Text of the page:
MORGANTOWN, W.Va. – Jalen Thornton left his home in Cincinnati to take the next step in his football career at West Virginia University four years ago, but his dad is still with him pretty much anywhere he walks in the Milan Puskar Team Center.

“He’s everywhere,” Thornton said. “In the hallway. In the position room, he’s right behind me.” 

Within the walls of the WVU football facility – and in Morgantown more generally – John Thornton is a legend. The WVU Sports Hall of Famer was one of the faces of the Mountaineers’ defense towards the end of the Don Nehlen era in the late-90s before embarking on a lucrative 10-year NFL career with the Tennessee Titans and the Cincinnati Bengals as a defensive lineman.

In four seasons with the Mountaineers, the senior Thornton logged 162 tackles, 19 tackles for loss, 15 sacks, one interception, two forced fumbles and six passes broken up. He started 41 consecutive games and earned two All-Big East nods.

Fulfilling his father’s legacy has been one of the most difficult parts of redshirt junior defensive tackle’s five-year career at WVU, even more so than taking a redshirt year, enduring strength coach Mike Joseph’s workouts and the numbness of a stretch of mediocre seasons.

“I made it way too hard on myself in the beginning of my career,” Jalen said. “It took a long time for me to get past that, and now that I’m just being the best version of myself. That’s pretty good, you know?

“I appreciate everything that [my father has] done for me, my family, for the state of West Virginia, for this program. Football is what he and I bond over, and that’s what brings us closer together. I’m really appreciative of that.” 

October and the beginning of November acted as a coming-out party of sorts for the redshirt junior. He’s recorded two multi-tackle games over the last six weeks, and he has solidified himself as a key rotational piece along the WVU defensive line, one that is exceeding expectations this season after losing multiple starters.

“This guy is playing the best football of his career, [both on] special teams and on defense, and that’s Jalen Thornton,” head coach Neal Brown said. “Back-to-back weeks [he] has made plays on the d-line.” 

Make it three-straight weeks, as those words from Brown came after the win over BYU and before Thornton’s best game, statistically, as a Mountaineer: a three-tackle, one-sack (two tackles-for-loss) performance at Oklahoma last weekend. The sack was the first full one of his collegiate career.

His playing time looks to be increasing. Not because of injuries or midseason departures, but because something finally appears to be clicking.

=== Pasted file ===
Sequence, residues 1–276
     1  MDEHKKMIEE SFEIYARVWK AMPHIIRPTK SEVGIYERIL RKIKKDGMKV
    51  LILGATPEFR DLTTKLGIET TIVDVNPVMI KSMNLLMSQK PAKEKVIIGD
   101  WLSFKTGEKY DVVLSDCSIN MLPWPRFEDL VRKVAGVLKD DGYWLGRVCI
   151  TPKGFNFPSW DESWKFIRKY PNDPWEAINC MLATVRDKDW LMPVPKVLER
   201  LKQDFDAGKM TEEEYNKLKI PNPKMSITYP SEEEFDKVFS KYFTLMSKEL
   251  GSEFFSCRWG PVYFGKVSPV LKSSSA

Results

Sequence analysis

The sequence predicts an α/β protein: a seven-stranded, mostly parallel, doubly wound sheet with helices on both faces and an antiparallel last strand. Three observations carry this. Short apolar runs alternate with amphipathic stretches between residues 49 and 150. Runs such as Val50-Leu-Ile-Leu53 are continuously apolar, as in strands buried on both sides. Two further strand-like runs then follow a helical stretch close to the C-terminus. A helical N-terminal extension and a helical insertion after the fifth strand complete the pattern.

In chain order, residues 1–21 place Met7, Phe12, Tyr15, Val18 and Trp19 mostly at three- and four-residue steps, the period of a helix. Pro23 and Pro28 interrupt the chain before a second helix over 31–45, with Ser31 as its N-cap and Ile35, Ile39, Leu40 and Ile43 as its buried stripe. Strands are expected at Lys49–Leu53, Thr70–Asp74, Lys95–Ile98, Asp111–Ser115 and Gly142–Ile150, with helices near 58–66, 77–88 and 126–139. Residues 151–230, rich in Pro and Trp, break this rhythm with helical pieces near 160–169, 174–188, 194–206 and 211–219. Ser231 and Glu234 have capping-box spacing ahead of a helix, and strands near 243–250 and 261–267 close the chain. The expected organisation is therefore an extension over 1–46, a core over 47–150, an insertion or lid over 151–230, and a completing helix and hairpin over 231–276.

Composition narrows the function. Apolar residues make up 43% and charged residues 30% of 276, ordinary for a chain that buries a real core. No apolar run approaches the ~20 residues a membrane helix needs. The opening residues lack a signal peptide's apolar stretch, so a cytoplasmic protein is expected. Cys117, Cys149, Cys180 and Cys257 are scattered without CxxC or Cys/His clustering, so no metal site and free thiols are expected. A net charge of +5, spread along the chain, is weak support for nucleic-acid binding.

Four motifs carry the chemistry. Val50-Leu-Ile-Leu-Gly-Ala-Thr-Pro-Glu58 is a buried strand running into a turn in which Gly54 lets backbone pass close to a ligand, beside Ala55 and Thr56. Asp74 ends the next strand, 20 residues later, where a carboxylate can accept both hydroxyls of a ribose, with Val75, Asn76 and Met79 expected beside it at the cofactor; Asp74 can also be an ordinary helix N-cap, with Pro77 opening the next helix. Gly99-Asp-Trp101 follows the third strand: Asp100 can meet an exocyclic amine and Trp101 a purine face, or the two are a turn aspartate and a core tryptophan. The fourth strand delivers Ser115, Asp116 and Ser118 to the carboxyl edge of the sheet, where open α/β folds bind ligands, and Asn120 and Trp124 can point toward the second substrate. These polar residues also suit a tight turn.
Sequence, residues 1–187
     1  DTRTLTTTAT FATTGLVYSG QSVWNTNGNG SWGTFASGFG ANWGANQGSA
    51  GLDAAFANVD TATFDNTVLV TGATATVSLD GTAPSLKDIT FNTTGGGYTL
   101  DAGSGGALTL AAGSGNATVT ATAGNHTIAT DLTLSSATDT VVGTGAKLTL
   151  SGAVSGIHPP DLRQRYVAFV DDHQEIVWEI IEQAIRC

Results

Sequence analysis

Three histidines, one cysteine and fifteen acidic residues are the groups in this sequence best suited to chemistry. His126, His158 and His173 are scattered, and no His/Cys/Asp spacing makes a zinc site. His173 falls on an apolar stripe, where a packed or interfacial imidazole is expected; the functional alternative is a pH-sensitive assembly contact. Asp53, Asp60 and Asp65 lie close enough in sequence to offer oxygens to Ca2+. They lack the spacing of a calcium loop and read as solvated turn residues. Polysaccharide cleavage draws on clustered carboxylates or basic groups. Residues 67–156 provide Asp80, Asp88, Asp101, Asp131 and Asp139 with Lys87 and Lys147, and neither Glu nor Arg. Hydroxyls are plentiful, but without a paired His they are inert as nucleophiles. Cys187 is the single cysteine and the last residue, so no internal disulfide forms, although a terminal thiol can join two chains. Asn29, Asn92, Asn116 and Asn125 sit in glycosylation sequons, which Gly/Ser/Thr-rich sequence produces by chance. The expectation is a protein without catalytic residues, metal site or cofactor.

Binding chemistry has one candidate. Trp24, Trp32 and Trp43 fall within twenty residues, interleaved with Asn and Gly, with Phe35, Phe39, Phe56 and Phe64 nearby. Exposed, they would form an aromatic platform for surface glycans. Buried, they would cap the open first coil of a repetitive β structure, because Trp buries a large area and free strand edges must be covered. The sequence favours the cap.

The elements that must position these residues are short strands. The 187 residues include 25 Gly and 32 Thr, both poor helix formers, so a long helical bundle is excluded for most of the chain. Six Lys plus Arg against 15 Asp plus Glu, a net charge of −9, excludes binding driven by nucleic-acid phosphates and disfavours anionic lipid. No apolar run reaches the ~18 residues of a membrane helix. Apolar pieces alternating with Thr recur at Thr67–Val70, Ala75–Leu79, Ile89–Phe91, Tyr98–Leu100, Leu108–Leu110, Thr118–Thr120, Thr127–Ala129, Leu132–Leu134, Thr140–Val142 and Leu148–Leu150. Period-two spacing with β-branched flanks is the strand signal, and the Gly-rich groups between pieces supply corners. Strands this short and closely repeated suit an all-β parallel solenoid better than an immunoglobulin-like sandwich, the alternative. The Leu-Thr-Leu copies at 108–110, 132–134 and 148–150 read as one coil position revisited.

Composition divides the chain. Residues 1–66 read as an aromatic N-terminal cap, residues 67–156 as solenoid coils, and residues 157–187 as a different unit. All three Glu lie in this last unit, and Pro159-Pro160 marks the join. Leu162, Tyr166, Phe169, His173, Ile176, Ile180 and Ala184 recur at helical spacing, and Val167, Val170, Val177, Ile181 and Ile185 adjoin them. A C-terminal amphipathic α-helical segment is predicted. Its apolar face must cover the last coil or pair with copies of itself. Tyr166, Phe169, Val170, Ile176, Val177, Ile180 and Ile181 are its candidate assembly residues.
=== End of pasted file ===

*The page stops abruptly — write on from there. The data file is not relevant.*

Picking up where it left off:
Less than a year ago, playing football as a career didn’t seem like a possibility for Thornton. His production was nowhere near the same as his father’s through four years. An injury also slowed down what should’ve been a breakout year. For someone who was constantly compared to his dad, his career trajectory looked to be a lot different despite it being similar for so long.

John Thornton – who is now an NFL agent for Roc Nation Sports – reminded him of the endless professional opportunities in sports outside of suiting up in uniform. Defensive line coach Andrew Jackson also offered some simple, necessary advice.

“[Coach Jackson] was like, ‘You don’t have to be your dad…You just have to be the best version of you. You just have to be the best Jalen Thornton that you can be,'” Jalen said.

That advice resonated for Thornton this offseason, and he’ll be the first to say that it’s working out. It was the first step of a mentality change that is proving useful in his fifth year of college ball.

“Going into this last season, I really just put my all into it saying [that] regardless of what happens,” he said. “I’m going to leave it all out there and put my faith in God that no matter what happens,” Jalen said. “Instead of saying, ‘Why me?’ or ‘Why is this happening to me?,’ this is what’s supposed to happen, and this is all part of his plan for me. I’ll take time to reflect on that as well. I just really want to finish this the right way.” 

Thornton’s help across the defensive line is definitely impactful too. Splitting snaps with veteran defensive tackle Eddie Vesterinen keeps both players fresh when their names are called. The emergence of redshirt freshman Asani Redwood and redshirt sophomore Hammond Russell IV have only helped the unit’s overall depth.

“Playing with this team has been great, especially the guys in that d-line room. I’ve been a part of some really good d-line groups in my time here, but…”

He pauses.

One might naturally think Thornton is about to endorse this year’s defensive line as the best he’s played with in Morgantown. It may even be what he’s thinking, but the words that spill out signal an appreciation that is far more personal than statistical output.

“Those guys resurrected my career, and I love each and every one of them,” he said.